1. Kill adult fleas on your pet quickly: Choose a flea treatment that kills fleas quickly on your pet to minimise the itching, irritation and risk of disease transmission caused by adult fleas.
2. Kills flea eggs to stop further contamination of the environment: flea-infested pets continuously spread numerous eggs. Remember, 10 fleas can lay up to 15 000 eggs in one month! To stop further infestation of your home, you should select a flea treatment which also kills flea eggs.
3. Kills flea larvae in the contaminated environment: 95% of flea stages are found in the environment. A flea treatment that also kills the flea larvae and existing eggs will help you to get rid of a flea infestation.
Once the flea infestation has been eradicated from your pet and its environment, you should continue to treat your pets regularly as this can considerably reduce the chance of flea re- infestations. Being proactive about prevention is important with any health condition. As fleas can be found all year round and can multiply rapidly, it is important to treat your pets on a regular basis – usually monthly. You should ask your vet and the practice staff for advice.
No room for cat flea program pet owner leaflet
Question : I treated my cat for fleas with a spot-on preparation 2 weeks ago and I am finding fleas on him again . What has gone wrong?
Answer : Have you treated his environment as well? If not, eggs are probably hatching in cracks between floorboards or skirting edges, from within the carpet or in his bedding , and they are jumping onto him . They will be killed by the preparation you have applied, but you must also vacuum the house and use a product that will help clear the environment of residual eggs and larvae. Your veterinary practice will be able to help you with this.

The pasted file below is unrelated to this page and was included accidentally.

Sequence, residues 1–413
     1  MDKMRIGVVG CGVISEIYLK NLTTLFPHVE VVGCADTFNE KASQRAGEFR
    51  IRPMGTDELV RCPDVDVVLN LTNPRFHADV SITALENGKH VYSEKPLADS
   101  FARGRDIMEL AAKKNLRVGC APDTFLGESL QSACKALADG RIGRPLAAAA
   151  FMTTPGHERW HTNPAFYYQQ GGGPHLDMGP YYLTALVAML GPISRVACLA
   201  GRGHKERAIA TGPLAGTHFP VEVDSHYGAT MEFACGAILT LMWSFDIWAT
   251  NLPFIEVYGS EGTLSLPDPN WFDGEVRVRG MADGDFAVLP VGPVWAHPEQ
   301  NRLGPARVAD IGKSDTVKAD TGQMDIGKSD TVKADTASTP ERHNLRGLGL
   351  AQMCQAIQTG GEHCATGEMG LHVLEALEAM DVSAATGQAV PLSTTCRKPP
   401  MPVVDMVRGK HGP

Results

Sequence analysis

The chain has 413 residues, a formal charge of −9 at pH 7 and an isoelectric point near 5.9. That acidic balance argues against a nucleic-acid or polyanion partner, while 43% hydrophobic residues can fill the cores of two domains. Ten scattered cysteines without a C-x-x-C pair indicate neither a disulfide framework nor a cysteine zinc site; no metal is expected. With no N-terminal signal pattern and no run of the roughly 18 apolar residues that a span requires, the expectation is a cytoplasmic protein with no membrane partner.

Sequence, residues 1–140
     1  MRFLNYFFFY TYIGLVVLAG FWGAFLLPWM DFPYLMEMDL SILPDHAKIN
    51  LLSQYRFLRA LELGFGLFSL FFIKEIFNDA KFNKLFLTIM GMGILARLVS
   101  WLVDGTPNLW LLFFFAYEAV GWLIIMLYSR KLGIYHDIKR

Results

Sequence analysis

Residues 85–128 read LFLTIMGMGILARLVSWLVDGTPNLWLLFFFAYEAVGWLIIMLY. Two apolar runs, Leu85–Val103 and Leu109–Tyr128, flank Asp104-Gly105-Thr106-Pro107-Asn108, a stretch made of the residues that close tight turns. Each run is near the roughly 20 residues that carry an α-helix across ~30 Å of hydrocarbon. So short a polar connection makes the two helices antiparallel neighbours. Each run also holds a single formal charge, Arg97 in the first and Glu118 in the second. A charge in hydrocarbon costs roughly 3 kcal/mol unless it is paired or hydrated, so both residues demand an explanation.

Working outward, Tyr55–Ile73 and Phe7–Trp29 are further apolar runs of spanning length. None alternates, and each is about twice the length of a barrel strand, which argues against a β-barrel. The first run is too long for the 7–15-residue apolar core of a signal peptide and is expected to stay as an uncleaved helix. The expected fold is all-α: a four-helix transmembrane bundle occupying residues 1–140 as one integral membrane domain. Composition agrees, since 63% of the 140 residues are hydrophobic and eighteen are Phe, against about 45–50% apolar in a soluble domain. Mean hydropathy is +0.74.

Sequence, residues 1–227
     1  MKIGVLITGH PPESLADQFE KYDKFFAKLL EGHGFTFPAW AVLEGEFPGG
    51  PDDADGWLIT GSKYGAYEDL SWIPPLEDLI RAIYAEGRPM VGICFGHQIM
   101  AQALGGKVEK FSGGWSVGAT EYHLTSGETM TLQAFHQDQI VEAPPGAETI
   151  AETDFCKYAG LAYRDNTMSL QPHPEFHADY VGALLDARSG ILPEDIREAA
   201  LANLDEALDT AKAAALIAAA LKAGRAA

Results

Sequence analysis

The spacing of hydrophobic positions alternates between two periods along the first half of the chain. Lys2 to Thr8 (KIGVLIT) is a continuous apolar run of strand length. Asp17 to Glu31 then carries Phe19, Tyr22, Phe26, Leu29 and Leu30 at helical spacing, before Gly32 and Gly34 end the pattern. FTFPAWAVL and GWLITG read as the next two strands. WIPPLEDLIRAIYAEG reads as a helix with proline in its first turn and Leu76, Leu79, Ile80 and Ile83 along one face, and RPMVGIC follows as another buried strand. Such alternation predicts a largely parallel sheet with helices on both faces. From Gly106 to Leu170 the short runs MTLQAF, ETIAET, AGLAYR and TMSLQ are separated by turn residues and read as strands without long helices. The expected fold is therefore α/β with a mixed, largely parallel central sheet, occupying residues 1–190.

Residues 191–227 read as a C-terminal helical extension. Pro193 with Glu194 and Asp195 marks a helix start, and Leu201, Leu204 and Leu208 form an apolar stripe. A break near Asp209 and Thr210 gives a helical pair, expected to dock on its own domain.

Question : I have found small red sores on my legs and waist which are very itchy. My cat has fleas and someone has told me that the spots could be caused by flea bites. Is this true.
Answer : Yes . Fleas from dogs and cats can bite humans and could cause small sores such as you describe. If you are concerned you should seek medical advice.
Question : When I apply my spot-on product to my dog I only have to put it at the base of his skull . Does it really kill fleas that I have found near his tailbase?
Answer : Yes. The spot-on contains a spreading agent that will ensure its effects reach the rest of the dog’s body.
Fleas are the most common of all external parasites found on pets. Ctenocephalides felis, the cat flea, is the most prevalent species of flea found on both cats and dogs. An infestation of fleas is both unpleasant and potentially dangerous for pets and their owners.